Southern Lights: Kendasampige, Film Companion
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Director: Duniya Soori

Cast: Manvitha Harish, Chandrashekhar, Prakash Belawadi

The first time we see Ravi and Gowri, they’re in a theatre, half watching the movie, half making out. This poor boy and rich girl are just being the teens or early twenty-somethings they are. But her mother spots them and asks a cop to take care of the situation. Soon, Ravi is framed in a “ganja case.” He’s sentenced to prison – and then he flees. Obviously distraught, he calls Gowri and tells her where he is and what happened. She’s concerned, but calm. She says, “Be right there. I’m coming.” Earlier, in the theatre, we saw how much she loved him. Now, we see other traits. Strength. Loyalty. That whole be-with-you-through-thick-and-thin thing.

Gowri lies to her mother that she’s going shopping with a friend, hops into a car, goes to an ATM and withdraws money, and heads to the bus station where Ravi is. He wails, “I want to leave this city and go someplace far away.” Without a moment’s hesitation, she says she will come with him. He says, “Please understand. Just give me some money. That’s all.” She hands him the money. He gets into a bus and leaves. And we cut to a song.

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On the surface, this is your standard flashback song. Boy meets girl. They fall in love.  Cut to present and show boy missing girl, girl missing boy. But how boy meets girl is what matters here, for Gowri is drowning in the sea and her friends are screaming for help. Ravi rescues her. When she regains consciousness, she sees him. She’s grateful. She smiles and extends a hand. He shakes it. Then we see him in the gym, as he’s wiping the machines, carrying cans of water. She joins the gym. She sees him and says, “Thank you for saving my life that day.” He’s embarrassed. “It’s fine, madam. Let it go.”

We in the audience marvel that such a girl has stuck with such a boy – but that’s what makes their love story so unique in this thriller/road movie. It’s touching how she decides she’ll be with him, no matter what.

She asks him about the bangle on his wrist. He says he’s a Vishnuvardhan fan, and that’s the star’s style statement. He’s seen Bandhana, the star’s 1984 blockbuster, 25 times. She says, “Why? Did you not understand it the first time?” She’s teasing him. She likes him. The rest of the song shows her taking him to restaurants more expensive than the ones he is used to, buying high-end clothes for him, and finally, gifting him a brand-new bangle. This last gesture blows away his apprehensions. He’s in love too.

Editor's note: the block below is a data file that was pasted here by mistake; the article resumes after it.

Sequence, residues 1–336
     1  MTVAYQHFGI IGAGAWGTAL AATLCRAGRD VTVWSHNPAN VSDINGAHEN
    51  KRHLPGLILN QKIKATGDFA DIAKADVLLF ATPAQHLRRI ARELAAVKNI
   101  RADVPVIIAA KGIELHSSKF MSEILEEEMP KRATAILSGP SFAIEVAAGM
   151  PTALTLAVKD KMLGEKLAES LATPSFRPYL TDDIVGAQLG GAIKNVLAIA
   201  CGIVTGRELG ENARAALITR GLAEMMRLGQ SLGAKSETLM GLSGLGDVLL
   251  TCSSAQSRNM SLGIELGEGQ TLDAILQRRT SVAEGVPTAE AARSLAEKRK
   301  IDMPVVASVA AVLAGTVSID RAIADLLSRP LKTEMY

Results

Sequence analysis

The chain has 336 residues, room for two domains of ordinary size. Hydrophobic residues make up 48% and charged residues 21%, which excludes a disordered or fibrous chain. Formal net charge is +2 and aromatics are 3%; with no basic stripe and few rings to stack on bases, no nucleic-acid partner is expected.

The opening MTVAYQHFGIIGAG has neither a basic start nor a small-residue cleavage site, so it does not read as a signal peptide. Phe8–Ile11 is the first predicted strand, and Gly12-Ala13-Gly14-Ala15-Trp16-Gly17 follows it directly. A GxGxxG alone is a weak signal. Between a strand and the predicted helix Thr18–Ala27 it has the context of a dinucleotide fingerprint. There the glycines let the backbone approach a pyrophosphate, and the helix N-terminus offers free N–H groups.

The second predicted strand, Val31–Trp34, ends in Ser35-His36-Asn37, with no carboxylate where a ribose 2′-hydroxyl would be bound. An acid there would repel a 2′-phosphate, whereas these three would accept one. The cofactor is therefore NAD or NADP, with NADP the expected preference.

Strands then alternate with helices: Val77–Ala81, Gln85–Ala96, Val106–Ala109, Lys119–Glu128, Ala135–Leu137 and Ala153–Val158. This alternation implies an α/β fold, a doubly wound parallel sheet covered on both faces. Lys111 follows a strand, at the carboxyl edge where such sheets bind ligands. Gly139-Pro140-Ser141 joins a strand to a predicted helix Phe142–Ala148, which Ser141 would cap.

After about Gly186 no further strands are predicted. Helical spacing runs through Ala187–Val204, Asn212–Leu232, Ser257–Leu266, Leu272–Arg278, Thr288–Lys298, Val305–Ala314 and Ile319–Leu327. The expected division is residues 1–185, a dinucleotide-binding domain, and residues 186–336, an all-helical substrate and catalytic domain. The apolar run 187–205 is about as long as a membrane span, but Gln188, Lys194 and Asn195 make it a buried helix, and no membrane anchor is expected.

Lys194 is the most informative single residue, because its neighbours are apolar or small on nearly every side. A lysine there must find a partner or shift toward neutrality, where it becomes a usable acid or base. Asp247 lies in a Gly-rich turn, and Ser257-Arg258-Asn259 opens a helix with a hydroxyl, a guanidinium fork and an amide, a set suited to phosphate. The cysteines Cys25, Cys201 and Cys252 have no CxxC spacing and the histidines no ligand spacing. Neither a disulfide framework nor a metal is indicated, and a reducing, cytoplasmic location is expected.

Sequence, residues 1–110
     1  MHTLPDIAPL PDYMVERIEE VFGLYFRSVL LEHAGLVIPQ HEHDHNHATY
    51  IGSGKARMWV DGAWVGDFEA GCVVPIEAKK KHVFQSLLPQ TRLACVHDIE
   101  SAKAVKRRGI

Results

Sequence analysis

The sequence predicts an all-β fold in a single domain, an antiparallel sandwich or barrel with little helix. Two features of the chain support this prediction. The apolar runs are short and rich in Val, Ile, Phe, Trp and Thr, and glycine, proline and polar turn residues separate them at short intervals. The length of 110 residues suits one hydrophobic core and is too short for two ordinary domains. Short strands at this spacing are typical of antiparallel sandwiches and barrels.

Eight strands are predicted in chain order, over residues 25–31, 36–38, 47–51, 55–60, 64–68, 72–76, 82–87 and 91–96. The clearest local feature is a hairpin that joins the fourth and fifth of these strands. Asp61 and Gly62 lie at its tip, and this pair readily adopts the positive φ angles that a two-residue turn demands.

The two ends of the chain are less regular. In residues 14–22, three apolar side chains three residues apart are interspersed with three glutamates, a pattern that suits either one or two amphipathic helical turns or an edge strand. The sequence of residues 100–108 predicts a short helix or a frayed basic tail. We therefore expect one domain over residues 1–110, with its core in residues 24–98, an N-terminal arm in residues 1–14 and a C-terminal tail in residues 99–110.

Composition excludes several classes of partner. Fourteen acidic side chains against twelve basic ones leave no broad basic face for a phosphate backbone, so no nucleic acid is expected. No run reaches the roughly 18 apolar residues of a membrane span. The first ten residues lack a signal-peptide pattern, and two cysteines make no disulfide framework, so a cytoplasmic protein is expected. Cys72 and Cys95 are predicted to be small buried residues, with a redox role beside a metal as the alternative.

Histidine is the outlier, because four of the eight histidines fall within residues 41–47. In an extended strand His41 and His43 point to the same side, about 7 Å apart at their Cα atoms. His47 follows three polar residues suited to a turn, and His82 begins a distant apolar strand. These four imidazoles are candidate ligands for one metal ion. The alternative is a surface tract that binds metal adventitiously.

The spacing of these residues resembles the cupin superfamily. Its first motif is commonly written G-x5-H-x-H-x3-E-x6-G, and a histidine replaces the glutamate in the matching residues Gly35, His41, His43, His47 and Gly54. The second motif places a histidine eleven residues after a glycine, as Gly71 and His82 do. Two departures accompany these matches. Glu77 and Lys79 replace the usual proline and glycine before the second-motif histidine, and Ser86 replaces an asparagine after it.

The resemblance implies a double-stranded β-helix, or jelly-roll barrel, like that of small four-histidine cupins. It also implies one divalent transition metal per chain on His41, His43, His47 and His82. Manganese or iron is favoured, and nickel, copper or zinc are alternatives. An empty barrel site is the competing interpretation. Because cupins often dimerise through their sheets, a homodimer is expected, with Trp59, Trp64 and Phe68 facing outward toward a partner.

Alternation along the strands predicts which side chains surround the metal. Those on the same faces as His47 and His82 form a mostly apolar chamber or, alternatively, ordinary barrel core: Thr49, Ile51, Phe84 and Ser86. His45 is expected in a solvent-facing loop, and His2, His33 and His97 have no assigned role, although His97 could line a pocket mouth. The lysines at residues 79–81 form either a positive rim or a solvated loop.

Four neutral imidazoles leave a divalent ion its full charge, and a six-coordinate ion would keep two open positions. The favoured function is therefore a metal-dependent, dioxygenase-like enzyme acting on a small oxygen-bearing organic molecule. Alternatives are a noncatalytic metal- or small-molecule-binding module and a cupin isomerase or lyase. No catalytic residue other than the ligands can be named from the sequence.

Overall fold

We cut to the present, and the bus comes to a stop. Ravi is asleep. Someone shakes him awake. It’s Gowri. She’s followed the bus. She’s with him now. And hereon, we see how he’d never have survived without her. She flags down a car and takes off with it. At a toll gate, she tells Ravi to lie low in the back seat, as someone may be looking for them. And yet, she’s still the rich kid she is. At a ratty hotel, she tells the man from the reception desk, “I cannot use this soap. If I give you money, will you bring me another soap and shampoo?”

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At another hotel in another small town, she looks at what room service has brought in and makes a face. “I don’t want this. I feel like eating Schezwan fried rice or Mexican.” We in the audience marvel that such a girl has stuck with such a boy – but that’s what makes their love story so unique in this thriller/road movie. It’s touching how she decides she’ll be with him, no matter what.  At a hotel, she says she’s tired and wants to sleep. She guilt-trips him. “If you desert me when I am asleep, I will surely die.” Seen one way, she’s a spoilt little rich girl who always gets what she wants. Seen another way, she really, really loves this boy.

A little later, Ravi sees his name in a “Wanted” ad in the papers. He’s had enough. He says he’s going to surrender. “We are committing one mistake after another.” She says, “If we are doing something wrong to survive, it’s not wrong.” He says, “Don’t say these things and confuse me.” She looks at the email address in the ad and suggests they mail the cops and explain everything. Ravi asks, “What if they don’t believe us?” She puts a hand on his cheek and says, “If it’s written that we can survive only by committing mistakes, then let us.” He lowers his head. She says, “Do you feel that you have done something wrong by falling in love with me?” He says, “I don’t know.” She smiles. “It’s your fate.”

Watch the song ‘Nenape Nithya Mallige’ from Kendasampige here:

 

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